Radiation measured from Earth can help scientists characterize far-away plasma dynamics
Outshining the black holes they surround, the bright, hot centers of galaxies known as active galactic nuclei can spew jets of plasma thousands of light-years long. These streams of plasma create an effect often seen in popular images—galaxies speared through the heart by intense light. Such jets are also associated with stars and other astronomical phenomenon.
Although physicists are keen to learn the fluid-like mechanics taking place in jets of roiling protons and electrons, there is one problem: distance. Millions or billions of light-years stretch between scientists here on Earth and cosmic jets, and observing individual electromagnetic particles through a telescope is impossible—impossible, but no less desirable.
“Understanding these plasma jets can help explain what is happening to the matter in these objects—how it is accelerated to such high energies and other fundamental physics out of our reach,” said Michael Bussmann, HZDR–Dresden Computational Radiation Physics group leader.
In pursuit of the impossible, a team from Germany’s HZDR–Dresden used Titan, the most powerful supercomputer in the United States located at Oak Ridge National Laboratory, to simulate billions of particles in two passing jet streams. The code’s run on Titan, the Oak Ridge Leadership Computing Facility’s 27-petaflop, hybrid CPU/GPU Cray XK7 machine, earned the team a finalist nomination for the Association of Computing Machinery’s 2013 Gordon Bell Prize. The prize recognizes outstanding achievements in high-performance computing (HPC) applications, specifically codes that redefine what is possible in HPC. This year’s winner will be announced at the supercomputing conference SC13 held November 17–22.
An unlikely couple
By modeling a well-known property of plasma turbulence called the relativistic Kelvin-Helmholtz instability (KHI), which occurs where passing plasma jets collide, researchers were able to make out patterns of particle behavior—the inner workings of these far-away objects.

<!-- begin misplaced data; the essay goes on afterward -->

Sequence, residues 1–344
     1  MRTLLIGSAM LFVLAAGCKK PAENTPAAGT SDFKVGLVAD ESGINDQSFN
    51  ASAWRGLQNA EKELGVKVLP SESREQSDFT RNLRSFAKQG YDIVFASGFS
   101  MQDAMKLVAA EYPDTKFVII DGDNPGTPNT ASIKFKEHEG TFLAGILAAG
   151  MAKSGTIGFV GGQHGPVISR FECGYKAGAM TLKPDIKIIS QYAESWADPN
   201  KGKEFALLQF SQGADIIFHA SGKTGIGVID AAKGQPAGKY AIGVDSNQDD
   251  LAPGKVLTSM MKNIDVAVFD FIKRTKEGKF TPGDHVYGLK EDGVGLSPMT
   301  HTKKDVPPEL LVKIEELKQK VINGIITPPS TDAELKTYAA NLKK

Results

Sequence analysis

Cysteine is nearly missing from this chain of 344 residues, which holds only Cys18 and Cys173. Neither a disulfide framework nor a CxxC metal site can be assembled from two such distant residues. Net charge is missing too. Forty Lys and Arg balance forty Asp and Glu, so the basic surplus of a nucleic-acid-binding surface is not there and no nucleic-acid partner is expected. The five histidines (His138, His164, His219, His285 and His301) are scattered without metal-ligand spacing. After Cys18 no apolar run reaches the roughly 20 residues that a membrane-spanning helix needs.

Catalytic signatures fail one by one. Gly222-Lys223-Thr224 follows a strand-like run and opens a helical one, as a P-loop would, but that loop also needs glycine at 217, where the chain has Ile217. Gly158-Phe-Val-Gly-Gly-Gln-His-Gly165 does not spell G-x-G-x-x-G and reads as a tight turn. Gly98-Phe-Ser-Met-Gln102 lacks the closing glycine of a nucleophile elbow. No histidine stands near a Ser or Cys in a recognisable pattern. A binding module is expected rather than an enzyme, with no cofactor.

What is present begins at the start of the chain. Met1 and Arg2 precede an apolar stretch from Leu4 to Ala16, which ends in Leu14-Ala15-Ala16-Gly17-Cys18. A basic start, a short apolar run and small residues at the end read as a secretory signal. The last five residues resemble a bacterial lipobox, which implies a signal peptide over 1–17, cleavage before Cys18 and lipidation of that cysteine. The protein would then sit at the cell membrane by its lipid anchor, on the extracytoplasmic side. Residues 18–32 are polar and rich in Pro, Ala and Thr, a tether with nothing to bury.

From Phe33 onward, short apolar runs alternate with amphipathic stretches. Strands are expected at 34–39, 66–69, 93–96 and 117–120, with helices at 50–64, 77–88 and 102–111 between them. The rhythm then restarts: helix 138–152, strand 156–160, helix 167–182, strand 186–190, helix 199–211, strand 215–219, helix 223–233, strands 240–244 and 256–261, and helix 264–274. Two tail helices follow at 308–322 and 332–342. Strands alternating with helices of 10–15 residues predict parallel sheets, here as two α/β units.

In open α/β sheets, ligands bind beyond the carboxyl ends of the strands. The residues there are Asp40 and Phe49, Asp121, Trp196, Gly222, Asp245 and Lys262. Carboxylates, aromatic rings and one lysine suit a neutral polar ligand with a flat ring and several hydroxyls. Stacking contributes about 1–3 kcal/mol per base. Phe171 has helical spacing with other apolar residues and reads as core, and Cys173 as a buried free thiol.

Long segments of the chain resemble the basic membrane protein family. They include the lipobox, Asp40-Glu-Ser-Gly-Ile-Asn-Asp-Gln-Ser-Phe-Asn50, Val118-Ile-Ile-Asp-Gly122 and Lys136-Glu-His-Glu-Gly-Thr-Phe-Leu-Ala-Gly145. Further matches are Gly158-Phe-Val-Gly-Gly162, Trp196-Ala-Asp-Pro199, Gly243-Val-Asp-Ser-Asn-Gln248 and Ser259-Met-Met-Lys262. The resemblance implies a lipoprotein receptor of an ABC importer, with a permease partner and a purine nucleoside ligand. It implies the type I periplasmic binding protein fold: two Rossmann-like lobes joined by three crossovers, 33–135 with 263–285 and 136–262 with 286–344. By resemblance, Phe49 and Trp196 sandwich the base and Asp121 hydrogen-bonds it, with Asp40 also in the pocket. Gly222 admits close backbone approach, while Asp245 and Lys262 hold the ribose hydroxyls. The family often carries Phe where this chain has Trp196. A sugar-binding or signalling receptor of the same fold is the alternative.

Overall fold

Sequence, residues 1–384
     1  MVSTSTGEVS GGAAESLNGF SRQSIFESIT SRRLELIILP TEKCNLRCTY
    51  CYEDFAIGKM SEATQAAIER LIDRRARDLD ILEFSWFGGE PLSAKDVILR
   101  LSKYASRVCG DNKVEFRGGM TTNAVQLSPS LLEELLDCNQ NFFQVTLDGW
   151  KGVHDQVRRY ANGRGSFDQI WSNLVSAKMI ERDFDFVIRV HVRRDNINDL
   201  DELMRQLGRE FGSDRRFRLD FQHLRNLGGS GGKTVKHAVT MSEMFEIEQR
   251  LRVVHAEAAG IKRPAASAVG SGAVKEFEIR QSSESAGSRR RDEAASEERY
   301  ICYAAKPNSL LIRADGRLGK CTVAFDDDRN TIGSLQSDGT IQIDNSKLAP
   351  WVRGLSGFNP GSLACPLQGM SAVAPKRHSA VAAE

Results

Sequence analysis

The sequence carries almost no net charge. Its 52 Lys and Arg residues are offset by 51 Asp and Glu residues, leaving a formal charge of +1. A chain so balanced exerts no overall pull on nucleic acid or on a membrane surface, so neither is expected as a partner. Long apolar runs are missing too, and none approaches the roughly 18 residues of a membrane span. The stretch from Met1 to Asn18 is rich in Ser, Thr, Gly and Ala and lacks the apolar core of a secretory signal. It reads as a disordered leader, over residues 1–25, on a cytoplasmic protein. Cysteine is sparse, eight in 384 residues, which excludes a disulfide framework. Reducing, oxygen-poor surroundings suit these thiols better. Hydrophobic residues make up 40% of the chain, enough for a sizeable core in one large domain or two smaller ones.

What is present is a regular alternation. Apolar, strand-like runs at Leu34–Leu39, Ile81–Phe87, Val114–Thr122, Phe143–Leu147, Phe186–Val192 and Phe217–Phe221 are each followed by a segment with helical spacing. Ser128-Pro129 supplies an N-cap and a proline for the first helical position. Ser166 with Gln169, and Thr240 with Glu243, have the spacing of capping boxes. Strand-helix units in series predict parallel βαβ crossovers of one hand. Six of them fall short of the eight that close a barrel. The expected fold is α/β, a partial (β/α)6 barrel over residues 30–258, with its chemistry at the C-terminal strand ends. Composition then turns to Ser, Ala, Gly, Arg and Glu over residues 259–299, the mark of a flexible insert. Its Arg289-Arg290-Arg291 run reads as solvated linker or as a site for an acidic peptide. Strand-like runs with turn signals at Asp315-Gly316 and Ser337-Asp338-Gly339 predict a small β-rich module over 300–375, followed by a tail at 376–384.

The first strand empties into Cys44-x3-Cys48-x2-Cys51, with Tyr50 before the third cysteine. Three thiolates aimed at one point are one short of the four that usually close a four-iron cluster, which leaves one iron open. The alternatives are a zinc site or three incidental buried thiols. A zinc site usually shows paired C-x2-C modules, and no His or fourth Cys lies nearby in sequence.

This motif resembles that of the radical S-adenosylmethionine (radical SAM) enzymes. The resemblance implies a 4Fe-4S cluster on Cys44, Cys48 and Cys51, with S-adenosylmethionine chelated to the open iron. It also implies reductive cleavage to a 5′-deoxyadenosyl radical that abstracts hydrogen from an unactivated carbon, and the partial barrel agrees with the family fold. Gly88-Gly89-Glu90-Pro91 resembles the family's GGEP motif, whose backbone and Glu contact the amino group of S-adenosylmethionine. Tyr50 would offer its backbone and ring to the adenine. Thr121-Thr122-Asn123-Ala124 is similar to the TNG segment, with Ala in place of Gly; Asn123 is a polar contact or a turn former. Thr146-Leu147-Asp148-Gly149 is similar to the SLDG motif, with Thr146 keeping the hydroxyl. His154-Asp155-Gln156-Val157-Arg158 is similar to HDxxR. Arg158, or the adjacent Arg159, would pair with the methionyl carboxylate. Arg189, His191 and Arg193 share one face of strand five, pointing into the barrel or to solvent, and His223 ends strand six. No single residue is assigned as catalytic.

Then they used radiative signatures, one of the clues we can measure with the help of a telescope, to correlate plasma dynamics with radiation emitted during turbulence. If the jets simulated on Titan were flung far into space, particles disrupted by the KHI could not be observed from Earth, but the radiation they put off could.
Ultimately the KHI tells physicists about the properties of passing plasma jets through comparison: Is one plasma stream denser than the other? What are their velocities? In what directions are they traveling?
And understanding plasma jet dynamics could reveal information about their objects of origin, such as active galactic nuclei.
“Our scientific question was, ‘Can we correlate the radiative signature with individual particles?’ ” Bussman said. “Is there a chance to really see what’s happening inside the plasma just by looking at the radiation? We are very limited in our tools to connect plasma dynamics to what we observe, and this is where simulation comes in.”
Indeed, the results from Titan show radiation can be a diagnostic for the plasma dynamics taking place far beyond our reach.
Like wind causing ripples on the surface of a lake, plasma turbulence has often been viewed as a hydrodynamics question because the local electromagnetic field in plasma creates similar currents. However, while similar, the two are not exactly the same thing.